« It’s that approach to engaging youth voices and putting youth stories at the centre, that really shapes my work, » says Haines-Saah, who teaches in the department of community health services and works with youth on video and photo projects to help share their stories.

Youth have something valuable to say

« That’s really a Degrassi-style approach to storytelling and to thinking youth have something valuable to say. If we want to help youth in any way, we need to talk to them and understand how they see the world, not our adult-centric perspective on life. »

Haines-Saah grew up in Toronto’s Regent Park, where she saw the rise of the crack epidemic, with people using and selling drugs, and engaging in sex work around her doorstep. She left that same stoop every morning to film on set, but she couldn’t get a taxi to drop her off close to home at day’s end, because of the way her neighbourhood was viewed.

Kathleen Mead had a streak of mischief. In this episode, she brings 2 joints to a birthday slumber party. 0:30

« I had this dual experience growing up, and it really did inform how I approach people who use drugs, the compassion that I think we need and why I challenge stigma, » she says.

There are some notable contrasts between her and the character she played for most of her teenage years.

Haines-Saah is warm and engaging. To be charitable, Kathleen was cold. A harsher assessment might peg her as a snooty mean girl. But her hostile demeanour was often a defence mechanism against her peers prying into her personal life, especially her troubled home.

She was a trivia master who wanted to excel at school and, most of all, make her parents proud. She once produced a science project with her bestie Melanie about the dangers of pollution and acid rain, and was crushed when it didn’t win at the school science fair.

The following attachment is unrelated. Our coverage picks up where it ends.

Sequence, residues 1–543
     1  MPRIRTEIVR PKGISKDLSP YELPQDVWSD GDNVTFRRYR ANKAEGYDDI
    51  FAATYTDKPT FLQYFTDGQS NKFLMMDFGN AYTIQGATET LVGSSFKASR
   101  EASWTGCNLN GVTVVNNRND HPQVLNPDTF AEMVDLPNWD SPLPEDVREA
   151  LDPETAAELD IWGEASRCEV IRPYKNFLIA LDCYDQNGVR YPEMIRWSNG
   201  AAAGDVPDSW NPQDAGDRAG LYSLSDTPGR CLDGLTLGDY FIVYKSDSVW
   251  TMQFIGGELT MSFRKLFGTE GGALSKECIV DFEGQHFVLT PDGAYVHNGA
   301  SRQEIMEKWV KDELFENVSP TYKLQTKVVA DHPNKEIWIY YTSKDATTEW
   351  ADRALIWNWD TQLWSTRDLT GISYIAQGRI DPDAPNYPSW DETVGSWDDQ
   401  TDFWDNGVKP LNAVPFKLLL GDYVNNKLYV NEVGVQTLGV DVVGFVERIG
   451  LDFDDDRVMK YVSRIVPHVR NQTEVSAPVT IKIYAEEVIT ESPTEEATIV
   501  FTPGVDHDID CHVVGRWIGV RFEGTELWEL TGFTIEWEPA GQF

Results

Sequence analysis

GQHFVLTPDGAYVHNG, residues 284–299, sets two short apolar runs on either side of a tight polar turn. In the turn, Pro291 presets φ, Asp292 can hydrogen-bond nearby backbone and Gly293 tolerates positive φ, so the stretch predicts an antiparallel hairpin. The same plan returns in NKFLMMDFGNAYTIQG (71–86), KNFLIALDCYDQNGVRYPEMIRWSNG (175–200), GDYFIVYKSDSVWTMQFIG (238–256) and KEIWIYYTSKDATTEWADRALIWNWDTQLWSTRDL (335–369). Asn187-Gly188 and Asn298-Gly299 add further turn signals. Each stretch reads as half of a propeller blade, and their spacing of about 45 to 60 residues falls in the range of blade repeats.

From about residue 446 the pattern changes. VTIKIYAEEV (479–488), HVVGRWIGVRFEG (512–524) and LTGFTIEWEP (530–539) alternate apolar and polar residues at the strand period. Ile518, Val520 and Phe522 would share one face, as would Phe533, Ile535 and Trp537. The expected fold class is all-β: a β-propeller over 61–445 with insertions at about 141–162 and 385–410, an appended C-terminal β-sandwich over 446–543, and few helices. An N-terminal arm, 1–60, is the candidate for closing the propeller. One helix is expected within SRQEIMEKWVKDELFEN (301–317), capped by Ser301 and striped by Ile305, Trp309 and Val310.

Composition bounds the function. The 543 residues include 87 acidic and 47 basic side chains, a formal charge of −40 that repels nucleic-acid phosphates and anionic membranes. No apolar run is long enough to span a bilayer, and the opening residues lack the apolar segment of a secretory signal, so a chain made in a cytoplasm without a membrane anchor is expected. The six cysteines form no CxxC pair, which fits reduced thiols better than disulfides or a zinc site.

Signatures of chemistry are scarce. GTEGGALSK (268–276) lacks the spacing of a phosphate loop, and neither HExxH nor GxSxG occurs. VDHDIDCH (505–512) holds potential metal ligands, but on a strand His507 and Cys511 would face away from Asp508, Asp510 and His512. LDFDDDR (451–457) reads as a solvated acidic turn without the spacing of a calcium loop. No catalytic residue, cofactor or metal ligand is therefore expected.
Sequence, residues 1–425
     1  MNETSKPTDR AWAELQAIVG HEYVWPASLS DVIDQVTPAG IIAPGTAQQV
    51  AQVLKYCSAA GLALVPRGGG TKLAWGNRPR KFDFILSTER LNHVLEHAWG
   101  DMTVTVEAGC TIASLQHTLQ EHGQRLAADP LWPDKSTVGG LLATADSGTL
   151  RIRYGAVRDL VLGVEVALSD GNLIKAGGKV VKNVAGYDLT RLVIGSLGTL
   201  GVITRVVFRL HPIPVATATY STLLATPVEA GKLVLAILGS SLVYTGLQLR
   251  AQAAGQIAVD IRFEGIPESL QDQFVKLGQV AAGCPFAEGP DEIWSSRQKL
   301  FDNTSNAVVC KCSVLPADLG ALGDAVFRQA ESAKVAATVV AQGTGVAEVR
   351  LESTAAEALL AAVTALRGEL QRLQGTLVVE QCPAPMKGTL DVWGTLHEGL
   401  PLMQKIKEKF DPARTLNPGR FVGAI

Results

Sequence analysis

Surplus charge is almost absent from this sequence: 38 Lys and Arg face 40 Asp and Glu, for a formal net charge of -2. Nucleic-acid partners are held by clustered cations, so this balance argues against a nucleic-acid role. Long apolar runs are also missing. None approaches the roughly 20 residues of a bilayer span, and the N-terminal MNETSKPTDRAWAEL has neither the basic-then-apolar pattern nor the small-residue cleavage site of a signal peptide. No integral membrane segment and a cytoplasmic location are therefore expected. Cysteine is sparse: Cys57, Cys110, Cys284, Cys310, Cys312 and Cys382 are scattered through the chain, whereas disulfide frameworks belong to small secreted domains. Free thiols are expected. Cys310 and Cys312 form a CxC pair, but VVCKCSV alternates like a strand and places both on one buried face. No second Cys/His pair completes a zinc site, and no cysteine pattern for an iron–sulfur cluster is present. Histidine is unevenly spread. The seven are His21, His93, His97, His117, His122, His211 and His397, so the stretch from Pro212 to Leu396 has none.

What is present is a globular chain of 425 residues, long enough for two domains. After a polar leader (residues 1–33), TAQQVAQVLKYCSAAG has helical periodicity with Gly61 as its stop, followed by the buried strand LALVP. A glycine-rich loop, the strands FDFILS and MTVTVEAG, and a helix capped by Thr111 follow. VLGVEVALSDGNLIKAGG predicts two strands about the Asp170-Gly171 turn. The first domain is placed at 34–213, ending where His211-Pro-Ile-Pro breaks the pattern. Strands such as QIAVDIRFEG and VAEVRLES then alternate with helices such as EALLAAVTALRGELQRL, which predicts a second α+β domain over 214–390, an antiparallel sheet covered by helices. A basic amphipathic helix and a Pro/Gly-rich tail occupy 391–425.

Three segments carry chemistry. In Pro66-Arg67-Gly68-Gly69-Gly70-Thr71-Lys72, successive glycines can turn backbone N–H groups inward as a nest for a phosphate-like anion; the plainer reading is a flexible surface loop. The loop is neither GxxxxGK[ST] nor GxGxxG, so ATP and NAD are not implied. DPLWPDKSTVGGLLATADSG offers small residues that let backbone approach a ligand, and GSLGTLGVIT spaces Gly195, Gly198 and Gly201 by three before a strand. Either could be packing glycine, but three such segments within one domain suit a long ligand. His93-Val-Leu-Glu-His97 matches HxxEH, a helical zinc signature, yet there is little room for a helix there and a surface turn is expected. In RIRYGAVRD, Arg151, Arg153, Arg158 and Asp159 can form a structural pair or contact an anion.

Character could be mistaken for a nerd

Kathleen could have been mistaken for a nerd if it weren’t for her streak of mischief. In one episode, she finds a pair of cannabis joints and shares them with friends during a birthday party sleepover. The drama takes a turn when Melanie gets so high she reveals some of Kathleen’s deepest, darkest secrets, including that she’s in counselling.

« Kathleen, I don’t see what the big deal is, » her best friend blurts out. « You had anorexia. Your mom is an alcoholic. And your boyfriend beat you up. Most people would need counselling for even one of those things. »

Kathleen Mead had a reputation for being cold, including in this episode about a trivia contest. Haines-Saah says she sometimes had a hard time convincing fans she’s not the « evil character » she played on TV. 0:44

Despite her hard exterior, the character resonated with Haines-Saah, given that Kathleen’s home life « isn’t that far off from what many kids experience, » and given her « remarkable resilience » to all those challenges. Still, the actor sometimes got heckled on the streets of Toronto over her character’s harsh disposition.

« The male castmates had fun, » she says. « They had teenage girls chasing them around, trying to get into their hotel rooms and date them.

« I just got yelled at and called names. »

Haines-Saah starred in Degrassi Junior High and Degrassi High, along with a single appearance on Degrassi: The Next Generation. As a young Canadian actor, she didn’t lead a lavish life of luxury.

Awkward moments, worst hairstyles forever captured

« I don’t think I ever really experienced that type of uber celebrity that child stars have now, and in many ways I’m thankful for that, » she says. « But I have some of my most awkward teenage moments and worst hairstyles forever captured on film for everybody to see. »

While she played a young student, she missed three or four months of school a year. Her mom told her if her average fell below 80 per cent, she had to quit the show.

Rebecca Haines-Saah argues cannabis prohibition and scare-tactic campaigns like the poster hanging in her office did not stop youth from smoking pot. She says the policy did more harm than the drug itself. (Reid Southwick/CBC)

« I literally had a tutor driving me around on geography field trips around Ontario to look at granite outcrops and all kinds of other ridiculous things on the weekends, » she says. « I’d be writing a chemistry exam on set at 7 a.m. supervised by a production assistant and then sending it over to the school. »

Academics were always important. She had read somewhere « if you could picture yourself being happy doing anything other than acting, you should go and do that thing. » So she enrolled at McGill University. She was initially in communications, thinking she’d get into journalism or film production, but she fell in love with research and writing papers, later shifting her focus to youth drug use.

Putting youth at the centre

« It’s no accident that I became a youth substance use researcher, » she says on a University of Calgary video about legalizing cannabis, « because I started out as an actress on the Canadian television series Degrassi.